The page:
In a cavernous, underground location down a clandestine alley off of King Street West, chef Rob Gentile has taken Buca from an ambitious Italian restaurant that opened behind schedule to mixed reviews in 2009, into a premier player on Toronto's restaurant circuit. A veteran of the McEwan restaurant group, chef Gentile's meticulous attention to detail has served him well in creating innovative odes to old country classics, breathing a rejuvenating and youthful aura into his discerning brand of Italian cookery.
Though we've always preferred the Joe Cocker version, the Beatles put it best when they wrote "With a little help from my friends". While Toronto rapidly clued in to the treasure they had on their hands, Buca grasped global gusto in 2011 following a little help in the form of a tweet from a friend of their own, chef and international food celebrity Jamie Oliver. The influx of enthusiasm following Oliver's endorsement proved to be partly responsible for our inability to snag a table on a spontaneous weekend trip down the 401 in early 2012. Our intent was to investigate a snowballing list of restaurants we were eager to visit, but Buca was one that evaded our fork. So when we returned to Toronto in 2013, a trip down chef Gentile's rabbit hole (Buca is Italian for hole) was at the top of our list.
Walking down the stairs into the main dining room, we noticed immediately how the tremendously high ceilings and brick walls were responsible for the volume of a young and smartly dressed crowd that at times, reached a relegated roar. A dimly lit, secondary dining room appeared reasonably more tranquil and intimate just beyond the glass enclosure where a vast assortment of diligently tagged meat from slabs of peppery speck to mammoth legs of water buffalo are displayed as they're left to cure.
Printed menus stamped with the day's date were inordinately long but impressive nonetheless. The wine list, almost exclusively Italian in origin, offers an ample selection by the glass. Before reaching a consensus on our order ,we had already been visited by three young, dark haired waiters in leather aprons, any of them easily capable of sweeping a yielding young lady off her feet with their charm and heavy Italian accents. Their knowledge of the menu was accomplished but their patience amidst a full service wavered at times.
Octopus Salami, Senape Yogurt, Smoked New Potato, Agretti - 14$
Diving head first into the deep end of Buca's creative cuisine, we fell in love with the octopus soppressata served with smoked and fried new potato, yogurt spiked with mustard oil, and a lightly salty, grassy tasting green called agretti who's English translation (saltwort) is immensely less appealing than it's flavor. Pleasantly gelatinous and delicately seasoned with pieces of octopus strewn throughout, the cased sausage was seemingly similar to headcheese in technique, though contrary to headcheese, we can't be certain it wasn't cased first and cooked second. The result once sliced was like stained glass, finessed with carefully selected garnishes. We reserve this type of adulation carefully because it risks losing it's impact otherwise, but this dish was truly a masterpiece.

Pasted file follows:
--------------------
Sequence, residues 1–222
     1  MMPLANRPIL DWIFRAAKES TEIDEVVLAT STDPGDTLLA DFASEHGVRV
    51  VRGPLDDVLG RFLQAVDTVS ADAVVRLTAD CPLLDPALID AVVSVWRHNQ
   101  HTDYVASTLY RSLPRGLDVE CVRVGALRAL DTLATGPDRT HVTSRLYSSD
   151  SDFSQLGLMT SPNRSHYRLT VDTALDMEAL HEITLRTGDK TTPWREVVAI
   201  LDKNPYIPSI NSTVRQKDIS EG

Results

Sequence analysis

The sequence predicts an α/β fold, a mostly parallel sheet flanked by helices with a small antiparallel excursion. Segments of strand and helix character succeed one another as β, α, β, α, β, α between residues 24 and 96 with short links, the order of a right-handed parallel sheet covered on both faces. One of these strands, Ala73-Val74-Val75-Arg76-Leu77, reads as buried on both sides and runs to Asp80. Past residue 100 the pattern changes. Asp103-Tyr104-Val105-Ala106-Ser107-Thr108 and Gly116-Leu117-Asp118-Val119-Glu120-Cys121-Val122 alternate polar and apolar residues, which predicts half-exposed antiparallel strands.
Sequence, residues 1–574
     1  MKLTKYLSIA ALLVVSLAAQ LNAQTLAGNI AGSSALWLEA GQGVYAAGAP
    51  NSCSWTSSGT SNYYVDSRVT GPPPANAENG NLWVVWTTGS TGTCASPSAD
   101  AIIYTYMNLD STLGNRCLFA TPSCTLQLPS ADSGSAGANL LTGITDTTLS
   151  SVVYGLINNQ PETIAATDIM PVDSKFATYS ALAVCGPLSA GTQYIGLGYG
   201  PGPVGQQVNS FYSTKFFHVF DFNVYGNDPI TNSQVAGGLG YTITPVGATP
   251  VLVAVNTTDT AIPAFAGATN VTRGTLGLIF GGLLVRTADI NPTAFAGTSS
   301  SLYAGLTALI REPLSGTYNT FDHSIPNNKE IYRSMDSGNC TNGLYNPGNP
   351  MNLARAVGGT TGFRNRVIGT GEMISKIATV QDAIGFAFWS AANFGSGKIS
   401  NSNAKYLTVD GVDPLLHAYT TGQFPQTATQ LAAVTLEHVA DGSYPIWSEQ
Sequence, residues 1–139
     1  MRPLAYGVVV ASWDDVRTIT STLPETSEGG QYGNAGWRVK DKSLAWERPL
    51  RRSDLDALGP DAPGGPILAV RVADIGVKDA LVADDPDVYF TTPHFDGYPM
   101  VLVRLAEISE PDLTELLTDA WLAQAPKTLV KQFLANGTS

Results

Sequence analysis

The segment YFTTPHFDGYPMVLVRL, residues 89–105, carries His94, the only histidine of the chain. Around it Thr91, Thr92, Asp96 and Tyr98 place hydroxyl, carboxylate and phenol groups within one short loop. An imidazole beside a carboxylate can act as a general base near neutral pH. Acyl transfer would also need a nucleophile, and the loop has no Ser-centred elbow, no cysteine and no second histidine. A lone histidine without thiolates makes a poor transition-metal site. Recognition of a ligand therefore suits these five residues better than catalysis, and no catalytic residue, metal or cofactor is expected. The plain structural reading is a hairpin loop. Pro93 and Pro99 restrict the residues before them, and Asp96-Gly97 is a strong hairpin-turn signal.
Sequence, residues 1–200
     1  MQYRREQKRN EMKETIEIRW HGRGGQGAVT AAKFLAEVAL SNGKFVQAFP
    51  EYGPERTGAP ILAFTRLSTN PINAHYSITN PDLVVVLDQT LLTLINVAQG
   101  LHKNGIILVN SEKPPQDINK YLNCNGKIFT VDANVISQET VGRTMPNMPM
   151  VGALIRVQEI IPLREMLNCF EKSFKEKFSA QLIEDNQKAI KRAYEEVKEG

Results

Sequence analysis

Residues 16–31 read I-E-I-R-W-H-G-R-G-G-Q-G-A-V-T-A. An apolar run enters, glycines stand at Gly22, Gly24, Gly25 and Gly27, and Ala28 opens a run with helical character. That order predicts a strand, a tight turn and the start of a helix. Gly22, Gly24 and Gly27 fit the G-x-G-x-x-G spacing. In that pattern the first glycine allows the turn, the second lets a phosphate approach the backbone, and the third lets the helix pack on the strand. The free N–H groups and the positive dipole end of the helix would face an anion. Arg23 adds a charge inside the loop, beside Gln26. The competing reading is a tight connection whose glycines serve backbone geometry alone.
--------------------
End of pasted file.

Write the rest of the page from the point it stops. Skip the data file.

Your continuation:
Though the fried zucchini flowers stuffed with halibut and shrimp were served piping hot in a light batter without a trace of oil, they were distinctly less successful than we had hoped. Under seasoned and bland, the seafood filling lacked conviction. Timid but not deliberately so, the filling could've easily been anything else, if not for the fact that anything else would've likely been more assertive.
B.C Halibut & White Shrimp Stuffed Zucchini Flowers - 13$
Ravioli doppi are a brilliant, and labor intensive technique of compartmentalizing two different fillings within a single raviolo. In this case, the intensity of fresh heirloom tomato opposite a vibrant basil and goat cheese mousse. A bite of pasta mixed together with the wispy clouds of parmigiano espuma was like a caprese salad that detonated on your tongue like a flavor grenade.
Ravioli Doppi - 24$
On the other side of the spectrum from the ravioli was a robust and rugged, but equally delicious plate of bigoli. Made from duck egg yolks and hand extruded, it's a form of pasta that would be best described as bucatini without the hole in the center. The sharp edges of a tomato based duck offal ragu were rounded out by the addition of creamy, subtly sweet mascarpone cheese. A light undercurrent of warm spice like clove or nutmeg was perceptible but it was restrained, just enough to leave you wondering - and wanting more.
Bigoli, Duck Offal Ragu - 19$
Strawberry, Pistachio, Balsamic, Buffalo Mozzarella Panna Cotta - 14$
Our meal fell only a single dish short of perfection, a rare exploit. We left tremendously impressed, our appetites and expectations thoroughly satisfied though portions were objectively concise. A polished departure from the inherently convivial, family style nature of Italian cuisine is rarely as triumphant or refreshing, but the team at Buca makes it look effortless despite our cognizance to the contrary. If you're looking for a more casual experience with the same attention to detail be sure to visit newly opened Bar Buca just a few blocks away. After years of hard work and menu development, this highly anticipated and much buzzed about snack bar is now open for business from 7:00AM to 2:00AM, 7 days a week, serving coffee, cocktails, 3 meals a day and brunch on weekends.
604 King Street West